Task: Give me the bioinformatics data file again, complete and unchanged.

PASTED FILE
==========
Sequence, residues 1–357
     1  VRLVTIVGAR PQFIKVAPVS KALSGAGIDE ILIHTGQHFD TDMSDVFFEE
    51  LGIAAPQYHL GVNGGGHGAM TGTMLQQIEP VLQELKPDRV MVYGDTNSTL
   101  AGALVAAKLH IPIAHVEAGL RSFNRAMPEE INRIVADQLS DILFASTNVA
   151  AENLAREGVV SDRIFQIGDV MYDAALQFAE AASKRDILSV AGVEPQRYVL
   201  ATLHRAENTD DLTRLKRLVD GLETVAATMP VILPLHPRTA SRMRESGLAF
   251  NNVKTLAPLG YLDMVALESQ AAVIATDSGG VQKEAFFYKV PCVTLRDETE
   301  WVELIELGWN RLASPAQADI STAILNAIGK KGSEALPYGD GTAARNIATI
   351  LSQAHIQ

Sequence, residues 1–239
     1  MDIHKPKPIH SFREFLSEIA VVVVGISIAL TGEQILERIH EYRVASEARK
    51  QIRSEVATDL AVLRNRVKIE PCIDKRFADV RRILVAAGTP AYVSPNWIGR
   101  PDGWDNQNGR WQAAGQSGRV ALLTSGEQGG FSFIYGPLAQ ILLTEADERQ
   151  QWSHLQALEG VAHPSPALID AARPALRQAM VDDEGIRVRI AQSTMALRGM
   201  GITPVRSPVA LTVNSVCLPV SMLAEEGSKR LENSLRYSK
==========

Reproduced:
Sequence, residues 1–357
     1  VRLVTIVGAR PQFIKVAPVS KALSGAGIDE ILIHTGQHFD TDMSDVFFEE
    51  LGIAAPQYHL GVNGGGHGAM TGTMLQQIEP VLQELKPDRV MVYGDTNSTL
   101  AGALVAAKLH IPIAHVEAGL RSFNRAMPEE INRIVADQLS DILFASTNVA
   151  AENLAREGVV SDRIFQIGDV MYDAALQFAE AASKRDILSV AGVEPQRYVL
   201  ATLHRAENTD DLTRLKRLVD GLETVAATMP VILPLHPRTA SRMRESGLAF
   251  NNVKTLAPLG YLDMVALESQ AAVIATDSGG VQKEAFFYKV PCVTLRDETE
   301  WVELIELGWN RLASPAQADI STAILNAIGK KGSEALPYGD GTAARNIATI
   351  LSQAHIQ

Sequence, residues 1–239
     1  MDIHKPKPIH SFREFLSEIA VVVVGISIAL TGEQILERIH EYRVASEARK
    51  QIRSEVATDL AVLRNRVKIE PCIDKRFADV RRILVAAGTP AYVSPNWIGR
   101  PDGWDNQNGR WQAAGQSGRV ALLTSGEQGG FSFIYGPLAQ ILLTEADERQ
   151  QWSHLQALEG VAHPSPALID AARPALRQAM VDDEGIRVRI AQSTMALRGM
   201  GITPVRSPVA LTVNSVCLPV SMLAEEGSKR LENSLRYSK